10 Parks That Changed America
Airs Monday, Aug. 20, 2018 at 9 p.m. on KPBS TV + Wednesday, Aug. 22 at 9 p.m. on KPBS 2
Thursday, August 16, 2018
Credit: Courtesy of Jon Smith
—Explore spaces that offer city dwellers a respite, from Savannah’s squares to New York’s High Line.—
The program highlights visionaries who transformed open canvases of land into serene spaces that offer city-dwellers a respite from the hustle and bustle of urban life.
While European cities were traditionally defined by their private squares and royal hunting grounds, American cities were often built around these democratic, public spaces.
From the elegant squares of Savannah, Georgia, to a park built over a freeway in Seattle, to the more recent High Line in New York, each story introduces us to the heroes who brought these parks to life.
Featuring landscape architects and historians, the show uncovers the evolution of our nation’s city parks and the history of landscape architecture — an art form in which human beings try their best to mimic nature.
THE TEN PARKS FEATURED IN CHRONOLOGICAL ORDER:
The Squares of Savannah - Georgia: When James Oglethorpe led a group of poor laborers and tradesmen from England to Georgia in 1732, he set out to form an egalitarian colony.
He designed a city of equal-sized neighborhoods centered on a public square that would serve as a place for citizens to gather water, bake bread, attend public meetings and simply enjoy the outdoors.
Fairmount Park - Philadelphia: Fairmount Park was created to save a much-needed resource: water. After yellow fever claimed thousands of lives in 1793, the city reclaimed the Schuykill River waterfront as a public park that would serve as a water source, and act as the “lungs” of the ever-more industrialized city.
Mt. Auburn Cemetery - Boston: Before Mt. Auburn, most burial grounds were overcrowded and unsanitary. But in 1825, Dr. Jacob Bigelow of Harvard had a new idea — a “cemetery” that would dignify the dead in a serene setting while serving the living as a green respite from the city.
Mt. Auburn was designed by Henry Dearborn, whose craft soon became known as “landscape architecture.”
Their goal was to provide all New Yorkers, from tenement dwellers to titans of industry, a natural refuge from the crowded city and a place where the social classes could come together on equal footing.
Chicago’s Neighborhood Parks: Following the success of Central Park, a progressive Chicago park superintendent named J. Frank Foster took the idea one step further.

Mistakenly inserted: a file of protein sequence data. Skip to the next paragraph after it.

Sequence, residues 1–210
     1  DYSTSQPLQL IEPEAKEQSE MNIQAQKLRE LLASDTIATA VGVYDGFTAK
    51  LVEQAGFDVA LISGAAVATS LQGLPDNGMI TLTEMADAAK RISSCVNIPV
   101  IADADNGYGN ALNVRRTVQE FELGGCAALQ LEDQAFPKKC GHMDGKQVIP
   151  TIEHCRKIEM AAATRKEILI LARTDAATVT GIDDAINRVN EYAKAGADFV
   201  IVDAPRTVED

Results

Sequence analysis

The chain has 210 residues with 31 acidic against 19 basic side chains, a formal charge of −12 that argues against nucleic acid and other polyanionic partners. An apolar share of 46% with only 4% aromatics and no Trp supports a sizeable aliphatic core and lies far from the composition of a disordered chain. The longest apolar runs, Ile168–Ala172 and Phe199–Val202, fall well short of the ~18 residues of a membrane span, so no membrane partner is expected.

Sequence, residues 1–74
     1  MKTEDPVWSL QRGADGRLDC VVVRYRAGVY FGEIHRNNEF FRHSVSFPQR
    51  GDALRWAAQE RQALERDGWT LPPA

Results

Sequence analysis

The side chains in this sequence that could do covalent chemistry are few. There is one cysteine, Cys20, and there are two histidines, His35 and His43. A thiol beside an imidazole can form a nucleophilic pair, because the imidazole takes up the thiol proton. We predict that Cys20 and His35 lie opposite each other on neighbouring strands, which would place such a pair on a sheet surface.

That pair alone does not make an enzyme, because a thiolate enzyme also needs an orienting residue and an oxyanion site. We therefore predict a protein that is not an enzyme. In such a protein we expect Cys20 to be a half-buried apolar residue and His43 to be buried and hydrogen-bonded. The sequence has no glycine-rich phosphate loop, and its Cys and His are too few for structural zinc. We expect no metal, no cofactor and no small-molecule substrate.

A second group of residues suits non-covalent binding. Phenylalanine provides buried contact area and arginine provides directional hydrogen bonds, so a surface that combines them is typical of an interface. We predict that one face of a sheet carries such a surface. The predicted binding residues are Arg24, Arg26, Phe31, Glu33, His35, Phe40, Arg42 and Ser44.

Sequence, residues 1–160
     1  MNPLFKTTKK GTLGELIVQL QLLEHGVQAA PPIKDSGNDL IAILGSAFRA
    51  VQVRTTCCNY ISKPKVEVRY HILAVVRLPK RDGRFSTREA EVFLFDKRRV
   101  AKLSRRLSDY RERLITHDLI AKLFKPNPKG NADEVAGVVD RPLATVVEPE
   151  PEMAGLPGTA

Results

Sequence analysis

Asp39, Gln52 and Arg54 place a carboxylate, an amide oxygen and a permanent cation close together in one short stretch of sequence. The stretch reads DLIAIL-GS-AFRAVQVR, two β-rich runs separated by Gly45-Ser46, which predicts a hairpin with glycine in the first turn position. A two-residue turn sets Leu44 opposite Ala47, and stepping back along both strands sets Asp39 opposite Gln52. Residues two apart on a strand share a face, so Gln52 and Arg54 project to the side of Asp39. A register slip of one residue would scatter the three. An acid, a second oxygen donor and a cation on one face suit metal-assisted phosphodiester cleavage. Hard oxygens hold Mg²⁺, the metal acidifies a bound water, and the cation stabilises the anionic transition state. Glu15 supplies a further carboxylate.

Chicago’s neighborhood parks, designed by Olmsted’s sons John Olmsted and Frederick Law Olmsted, Jr., would address the very real needs of the city’s immigrants by providing a place to bathe and play sports, get free healthcare, and take a variety of classes.
San Antonio’s River Walk: The San Antonio River had been always prone to flooding; in 1921, more than 50 lives were claimed.
But 27-year-old architect Robert Hugman transformed the flood-ravaged banks into a Spanish Revival promenade that would serve as a commercial district with elegant shops and cafes.
The River Walk not only transformed San Antonio, but showed other American cities the possible economic upside of urban parks.
Overton Park - Memphis, Tennessee: In 1957, it was announced that a six-lane freeway would plow through Memphis’s Overton Park — a fate that had already disfigured other American parks as the interstate highway system cut through the country.
But a group of mostly middle-class homemakers led a campaign to save the park, ultimately succeeding in preserving not only Overton Park, but cherished green spaces around the country.
Freeway Park - Seattle: In Seattle, the damage was already done when a freeway cut the city in half in 1966. But landscape architect Lawrence Halprin would heal the wound with a new kind of park built on top of the freeway, embracing both nature and the changing face of the city.
Gas Works Park - Seattle: A toxic waste site is an unlikely place for a park. Yet in the mid-1970s, landscape architect Richard Haag designed a park that celebrated the hulking ruins of the Gas Works that had poisoned the site.
Using the new science of bioremediation to clean the soil, Haag transformed one of the city’s worst eyesores into a place of wonder as well as a reminder of Seattle’s industrial past.
High Line - New York City: Not so long ago, the High Line was a derelict rail line cutting across New York’s Lower West Side.
Faced with the wrecking ball, two local activists started a grassroots campaign to turn the space into a public park.
By 2006, with the funding in place, park designers James Corner and Diller Scofidio Renfro began work on a unique space that celebrates the past while breaking new ground in our concept of what a park is, and where a park can be.
Other episodes in the series include:
“10 Homes That Changed America,” which highlights ten homes that transformed residential living, from grand estates such as Thomas Jefferson’s Monticello and Frank Lloyd Wright’s Fallingwater, to the pueblos of Taos, New Mexico and the tenements of 19th century New York.
“10 Towns That Changed America,” a look at ten “experimental” towns that did not evolve organically over time, but instead were designed (or redesigned) from the ground up by architects, corporations, and citizens who sought to change the lives of residents using architecture, design and urban planning.
Presented nationally by WTTW Chicago.
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